All in all, it’s a hard world for lefties. Now, in addition to being sinister, turns out we’re also cognitively impaired and doomed to earn less than our right-handed friends. Unless somehow we find ourselves in the intellectual stratosphere.

We’re on Google Play! And Scribd!

When Google started selling books, their site was a bit of a mess, and my publisher stayed away. Now things look much better, and my publisher is onboard. You can see my books here, along with all the other stuff that comes along when you search for my name. The one weirdness is that their list prices are much higher than you see on other sites, but the prices are discounted so that they end up around those standard prices.

My publisher is also onboard with Scribd, the book subscription service that competes with Kindle Unlimited.  The idea, as we’ve discussed before, is to be a Netflix for books. For $8.99 a month, you can download as many books as you like from their catalog. They have fewer books than Kindle Unlimited, but they’re better quality.  From the author’s perspective, they pay better royalties than Kindle Unlimited and, most important, they don’t demand exclusivity.

Finally, their interace is really nice.  Here’s Scribd’s page for The Portal:


Happy belated birthday to William Blake

I seemed to have missed it by a day.  Here is his great poem “London”.  Did anyone ever write a better phrase than “mind-forg’d manacles”?  And did any two words ever pack more of a punch than “marriage-hearse”?

I wandered through each chartered street,
Near where the chartered Thames does flow,
A mark in every face I meet,
Marks of weakness, marks of woe.

In every cry of every man,
In every infant’s cry of fear,
In every voice, in every ban,
The mind-forg’d manacles I hear:

How the chimney-sweeper’s cry
Every blackening church appals,
And the hapless soldier’s sigh
Runs in blood down palace-walls.

But most, through midnight streets I hear
How the youthful harlot’s curse
Blasts the new-born infant’s tear,
And blights with plagues the marriage-hearse.

Birches at sunrise

Let’s give thanks for birches!

2014-11-25 07.03.29While we’re at it, let’s also give thanks for poetry:

. . . Earth’s the right place for love:
I don’t know where it’s likely to go better.
I’d like to go by climbing a birch tree,
And climb black branches up a snow-white trunk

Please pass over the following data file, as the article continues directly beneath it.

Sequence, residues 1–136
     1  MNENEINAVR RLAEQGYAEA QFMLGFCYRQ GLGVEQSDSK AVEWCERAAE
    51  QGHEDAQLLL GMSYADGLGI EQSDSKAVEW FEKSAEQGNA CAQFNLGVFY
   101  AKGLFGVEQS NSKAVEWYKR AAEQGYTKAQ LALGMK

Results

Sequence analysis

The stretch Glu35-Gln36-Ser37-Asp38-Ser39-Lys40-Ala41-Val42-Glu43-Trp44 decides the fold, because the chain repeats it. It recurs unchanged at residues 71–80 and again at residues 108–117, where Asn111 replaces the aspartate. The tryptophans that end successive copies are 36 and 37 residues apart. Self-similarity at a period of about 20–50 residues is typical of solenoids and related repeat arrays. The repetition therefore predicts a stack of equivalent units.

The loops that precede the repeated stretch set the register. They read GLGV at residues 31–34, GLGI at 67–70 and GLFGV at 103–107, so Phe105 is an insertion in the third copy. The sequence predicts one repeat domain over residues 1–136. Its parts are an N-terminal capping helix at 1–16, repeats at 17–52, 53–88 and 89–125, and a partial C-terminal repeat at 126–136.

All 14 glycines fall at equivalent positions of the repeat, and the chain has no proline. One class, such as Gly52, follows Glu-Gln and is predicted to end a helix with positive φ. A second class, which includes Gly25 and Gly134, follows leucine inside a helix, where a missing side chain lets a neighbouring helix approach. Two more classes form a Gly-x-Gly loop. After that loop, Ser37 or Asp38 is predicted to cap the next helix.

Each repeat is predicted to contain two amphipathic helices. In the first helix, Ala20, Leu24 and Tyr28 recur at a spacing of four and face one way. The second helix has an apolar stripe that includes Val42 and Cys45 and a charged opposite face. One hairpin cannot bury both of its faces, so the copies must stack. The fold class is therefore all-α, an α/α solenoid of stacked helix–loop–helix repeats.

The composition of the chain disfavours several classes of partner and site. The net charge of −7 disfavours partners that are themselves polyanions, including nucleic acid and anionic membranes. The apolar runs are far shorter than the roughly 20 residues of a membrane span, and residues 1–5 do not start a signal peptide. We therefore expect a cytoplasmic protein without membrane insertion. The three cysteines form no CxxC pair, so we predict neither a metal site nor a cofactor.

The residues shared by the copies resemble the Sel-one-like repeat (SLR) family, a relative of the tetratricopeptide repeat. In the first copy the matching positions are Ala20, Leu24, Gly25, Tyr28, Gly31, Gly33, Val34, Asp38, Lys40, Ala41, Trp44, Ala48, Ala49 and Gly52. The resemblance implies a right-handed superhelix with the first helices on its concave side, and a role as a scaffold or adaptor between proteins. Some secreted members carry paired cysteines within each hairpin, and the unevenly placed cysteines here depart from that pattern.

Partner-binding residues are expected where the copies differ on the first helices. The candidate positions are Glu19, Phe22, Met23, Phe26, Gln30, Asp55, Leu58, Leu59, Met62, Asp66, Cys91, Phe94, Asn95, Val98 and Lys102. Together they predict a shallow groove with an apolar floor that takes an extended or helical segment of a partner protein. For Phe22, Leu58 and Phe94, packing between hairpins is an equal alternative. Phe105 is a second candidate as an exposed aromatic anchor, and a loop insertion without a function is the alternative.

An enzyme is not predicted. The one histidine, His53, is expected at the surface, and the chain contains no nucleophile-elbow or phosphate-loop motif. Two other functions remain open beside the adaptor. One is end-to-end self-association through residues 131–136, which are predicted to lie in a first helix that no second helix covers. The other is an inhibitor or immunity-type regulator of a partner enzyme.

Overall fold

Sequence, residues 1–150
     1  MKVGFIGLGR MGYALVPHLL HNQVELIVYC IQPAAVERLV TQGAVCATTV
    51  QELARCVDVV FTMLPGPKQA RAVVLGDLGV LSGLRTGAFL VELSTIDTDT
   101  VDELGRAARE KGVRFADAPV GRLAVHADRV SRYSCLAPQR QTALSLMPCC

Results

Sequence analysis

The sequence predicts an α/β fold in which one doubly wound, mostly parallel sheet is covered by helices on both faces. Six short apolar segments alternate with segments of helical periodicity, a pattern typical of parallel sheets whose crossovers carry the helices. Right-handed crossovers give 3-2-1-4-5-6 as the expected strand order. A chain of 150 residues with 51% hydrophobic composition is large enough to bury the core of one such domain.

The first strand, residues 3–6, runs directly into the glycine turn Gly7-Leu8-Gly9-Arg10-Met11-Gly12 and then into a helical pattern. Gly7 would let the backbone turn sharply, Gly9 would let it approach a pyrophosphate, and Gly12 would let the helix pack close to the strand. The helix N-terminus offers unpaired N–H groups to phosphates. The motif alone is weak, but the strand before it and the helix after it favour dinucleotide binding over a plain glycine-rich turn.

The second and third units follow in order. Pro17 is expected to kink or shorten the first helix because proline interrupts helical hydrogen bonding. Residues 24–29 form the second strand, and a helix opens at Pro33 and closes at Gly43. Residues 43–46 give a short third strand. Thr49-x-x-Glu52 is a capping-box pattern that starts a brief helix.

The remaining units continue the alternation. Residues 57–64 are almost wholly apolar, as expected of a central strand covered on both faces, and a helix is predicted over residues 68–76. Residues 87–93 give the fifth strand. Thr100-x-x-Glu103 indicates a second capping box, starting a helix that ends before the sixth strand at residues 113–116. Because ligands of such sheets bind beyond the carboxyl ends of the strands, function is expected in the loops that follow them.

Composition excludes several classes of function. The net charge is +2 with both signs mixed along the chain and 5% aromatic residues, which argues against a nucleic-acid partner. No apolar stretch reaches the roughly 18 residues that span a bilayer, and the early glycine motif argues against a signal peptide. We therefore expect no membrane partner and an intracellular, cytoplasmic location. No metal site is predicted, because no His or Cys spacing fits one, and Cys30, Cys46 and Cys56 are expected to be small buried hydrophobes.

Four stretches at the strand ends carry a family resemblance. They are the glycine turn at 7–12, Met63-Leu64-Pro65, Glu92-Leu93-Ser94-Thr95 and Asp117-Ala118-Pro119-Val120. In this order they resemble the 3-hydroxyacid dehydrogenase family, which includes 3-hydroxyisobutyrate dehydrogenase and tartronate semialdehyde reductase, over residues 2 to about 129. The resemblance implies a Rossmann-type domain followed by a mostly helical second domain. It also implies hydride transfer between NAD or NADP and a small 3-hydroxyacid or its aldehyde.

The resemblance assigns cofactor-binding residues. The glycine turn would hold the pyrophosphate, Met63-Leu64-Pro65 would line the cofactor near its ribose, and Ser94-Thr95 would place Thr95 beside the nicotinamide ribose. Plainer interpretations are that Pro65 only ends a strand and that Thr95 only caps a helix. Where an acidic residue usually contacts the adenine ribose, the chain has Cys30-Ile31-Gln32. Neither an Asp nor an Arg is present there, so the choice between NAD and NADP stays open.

Toward heaven, till the tree could bear no more,
But dipped its top and set me down again.
That would be good both going and coming back.
One could do worse than be a swinger of birches.

Frost wrote the poem “Birches” just about a century ago.  How time flies!

Happy Thanksgiving!

Is this the greatest novel in the English language?

Middlemarch, I mean.  Wikipedia tells me that this is the opinion of Martin Amis and Julian Barnes.  It also quotes Virginia Woolf, who calls it “one of the few English novels written for grown-up people.”

I first read it back in high school or college, when I read pretty much everything.  I doubt that it was assigned reading — it’s about a billion pages long.  So I probably spent a chunk of my spare time devouring it one summer.  This time around, almost out  of the blue, I decided to have my hero Walter Sands read it in the course of Where All the Ladders Start (coming soon to an ebook store near you!), and I decided I’d better take another look at it myself, to make sure the things I said about it were true.

It surely is a novel for grown-ups.  I can’t imagine subjecting a middle schooler to it, the way we make them read Oliver Twist.  I can’t imagine what I would have made of the book in high school.  A few more thoughts:

  • Middlemarch has its moments of rustic humor, but Eliot is never as funny with her rude mechanicals as Dickens is with his working-class folks.  And she even doesn’t try to be as funny as Jane Austen when it comes to relations between men and women.  That is serious business.
  • There’s a bit of social commentary in the novel.  I didn’t recall this from my first reading, but it’s actually a historical novel — written in the 1870s but taking place in the 1830s.  So we see the railroad about to make an appearance in the area, for example, and the Reform Bill is in the air.  But that material seemed fairly bland to me.
  • Where Eliot is great — and maybe unequaled — is when she deals with love and marriage, and the complexities of serious relationships in a serious world.  Dorothea and Casaubon, Dorothea and Will Ladislaw, Rosamond and Lydgate — by the end of the book, we are so deeply inside these characters’ heads that we seem to know them as well as we know ourselves.  That’s a pretty impressive achievement.

That is to say, I re-read the whole damn thing, which used up a large chunk of my reading time for the year.  It was worth it.